Netflix's CEO made his priority clear — and it's not trans lives

Ted Sarandos said that Netflix believes “content on screen doesn’t directly translate to real-world harm.” But he's forgetting about one thing.

MILWAUKEE, WISCONSIN - JULY 20: Comedian Dave Chappelle attends Game Six of the NBA Finals between t...
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On Monday, Netflix CEO Ted Sarandos emailed Netflix’s entire staff to say that the platform was ultimately not going to remove Chappelle’s The Closer special because Netflix believes “content on screen doesn’t directly translate to real-world harm.”

Sarandos pointed to the increased prevalence of violence in TV and video games over the last 30 years coinciding with a significant decrease in violent crimes across various countries. There’s credence to his claim, including a 2016 study from the American Academy of Pediatrics and the American Psychological Association which concluded media violence had minimal effects on aggression among children. Sarandos focused specifically on the media’s influence on violent crimes because the perceived concern around The Closer is the potential for increased real-world harm. But narrowing the focus on violent crimes dismisses the emotional harm that trans communities endure.

A study released in January in the U.S. National Library of Medicine’s PubMed Central journal concluded: “a greater frequency of exposure to negative depictions of transgender people in the media was significantly associated with clinically significant symptoms of depression.” In Chappelle’s special, the comedian proclaimed he was “team TERF,” the acronym for trans-exclusionary radical feminists who reject trans women as women. Before identifying with TERF, he explains how the TERF community compares trans women’s identification as women to the way that Black people view other races using blackface — a belief that is fundamentally inaccurate since blackface is a temporary performance and being trans is an immutable identity.

Netflix’s support of offensive content until there are real-world consequences is, alarmingly, part of their business model. It took the streaming giant two years to remove a graphic suicide scene from the first season of its hit show 13 Reasons Why even after parents, mental health experts, and educators all raised concern over the potential for vulnerable teenagers to emulate the act. The company’s immediate remedy was placing warnings before episodes 9, 12, and 13 that notified viewers of graphic depictions of rape and sexual assault which may not be suitable for young adults.

Shortly after including those warnings, Netflix included a warning before the first episode of the season, encouraging those affected by the show’s content to reach out to Samaritans, a suicide prevention network. Netflix wouldn’t remove the show, or even just the episode featuring the graphic suicide scene, partly due to reactions they received from viewers on how the show was “a valuable driver for starting important conversation with their families.”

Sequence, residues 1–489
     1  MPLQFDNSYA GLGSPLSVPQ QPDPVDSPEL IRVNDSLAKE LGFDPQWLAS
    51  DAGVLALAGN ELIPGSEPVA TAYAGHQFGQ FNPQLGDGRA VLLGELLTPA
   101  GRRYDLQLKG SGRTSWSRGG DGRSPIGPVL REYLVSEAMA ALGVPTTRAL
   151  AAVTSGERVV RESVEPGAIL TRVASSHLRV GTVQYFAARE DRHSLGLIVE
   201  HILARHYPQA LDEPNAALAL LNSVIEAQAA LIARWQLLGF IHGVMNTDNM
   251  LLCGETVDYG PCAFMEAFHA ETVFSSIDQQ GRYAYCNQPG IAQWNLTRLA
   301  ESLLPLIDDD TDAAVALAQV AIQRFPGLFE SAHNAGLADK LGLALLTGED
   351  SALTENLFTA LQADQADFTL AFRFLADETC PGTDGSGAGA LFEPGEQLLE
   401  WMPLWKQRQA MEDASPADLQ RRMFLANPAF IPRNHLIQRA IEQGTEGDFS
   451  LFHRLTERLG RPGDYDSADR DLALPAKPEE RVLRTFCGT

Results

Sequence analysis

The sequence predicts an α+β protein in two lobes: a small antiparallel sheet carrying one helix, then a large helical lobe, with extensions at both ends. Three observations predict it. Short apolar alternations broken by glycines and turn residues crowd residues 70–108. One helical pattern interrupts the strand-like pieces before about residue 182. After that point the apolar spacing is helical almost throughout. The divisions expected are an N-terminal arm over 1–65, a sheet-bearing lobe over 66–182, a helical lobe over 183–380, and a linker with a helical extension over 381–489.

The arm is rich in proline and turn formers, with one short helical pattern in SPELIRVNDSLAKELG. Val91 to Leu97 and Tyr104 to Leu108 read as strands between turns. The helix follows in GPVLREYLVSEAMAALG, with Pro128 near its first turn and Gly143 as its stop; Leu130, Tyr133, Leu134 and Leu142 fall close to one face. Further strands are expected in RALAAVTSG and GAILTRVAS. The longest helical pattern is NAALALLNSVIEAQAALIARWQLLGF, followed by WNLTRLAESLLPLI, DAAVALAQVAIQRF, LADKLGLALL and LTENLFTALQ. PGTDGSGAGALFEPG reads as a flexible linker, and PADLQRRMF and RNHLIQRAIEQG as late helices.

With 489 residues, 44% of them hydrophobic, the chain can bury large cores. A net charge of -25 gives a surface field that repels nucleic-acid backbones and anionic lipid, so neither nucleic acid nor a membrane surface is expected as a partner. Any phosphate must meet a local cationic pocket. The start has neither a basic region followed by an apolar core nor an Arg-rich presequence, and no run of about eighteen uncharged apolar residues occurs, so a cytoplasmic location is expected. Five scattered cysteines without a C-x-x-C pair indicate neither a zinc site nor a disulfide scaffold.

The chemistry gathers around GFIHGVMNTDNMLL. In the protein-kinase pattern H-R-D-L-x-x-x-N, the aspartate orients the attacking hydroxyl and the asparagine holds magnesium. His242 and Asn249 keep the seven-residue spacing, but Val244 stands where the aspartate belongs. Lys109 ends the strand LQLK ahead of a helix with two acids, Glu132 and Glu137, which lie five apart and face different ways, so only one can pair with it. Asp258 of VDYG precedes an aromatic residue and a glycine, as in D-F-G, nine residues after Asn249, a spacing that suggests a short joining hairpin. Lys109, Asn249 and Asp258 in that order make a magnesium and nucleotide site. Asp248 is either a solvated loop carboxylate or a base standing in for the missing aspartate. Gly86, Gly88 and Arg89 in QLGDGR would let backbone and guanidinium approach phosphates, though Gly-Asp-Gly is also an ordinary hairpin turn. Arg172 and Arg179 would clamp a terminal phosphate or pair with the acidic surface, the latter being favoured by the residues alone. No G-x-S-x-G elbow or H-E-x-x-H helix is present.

That all changed in April 2019, when a study in the Journal of the American Academy of Child and Adolescent Psychiatry revealed that in the month after 13 Reasons Why premiered, the suicide rate for boys between the ages of 10-17 had surged to the highest level it’s been in the five years prior. Three months later, Netflix finally removed the scene from the first season “on the advice of medical experts,” even though medical experts had called for the scene’s removal for years. While Netflix surely valued the medical expertise of experts like Christine Moutier, the chief medical officer at the American Foundation for Suicide Prevention who helped advise Netflix on the scene deletion, Sarandos not removing The Closer too warily relies on seeing real-world violence before making real-world changes. And aside from research and studies, does a community that’s already facing exclusion and discrimination need anything else going against it?

That is an inherently dangerous stance to take, as one could deduce a proactive removal of the suicide scene before the series premiered on March 31, 2017 could’ve saved those young boys who took their lives a month after the show aired. Sarandos’s email also cited how Chappelle’s special didn’t violate the company’s Sensitive Content guidelines because they believe Chappelle never intended to incite hatred or violence against anyone. The 13 Reasons Why suicide scene also wasn’t intended to cause harm, but studies show it likely did. Netflix waiting until there is actual violence they can link to a special which is applauded for invalidating the identities of trans people appears to be purposefully shortsighted in an effort to not lose content from a comedian who has given the streamer three Emmys, three Grammys, and an untold number of new subscribers.

Chappelle supporters or anti-censorship advocates may believe that taking down the special both neuters creators’ freedom and stops important conversations before they can even get started. Presenting the specials with as much as a disclaimer that the content may be offensive would be a start in the right direction, but that’d be too close to the service admitting wrongdoing by playing it in the first place. Netflix has chosen a side, and it’s not the compassionate or cautious one.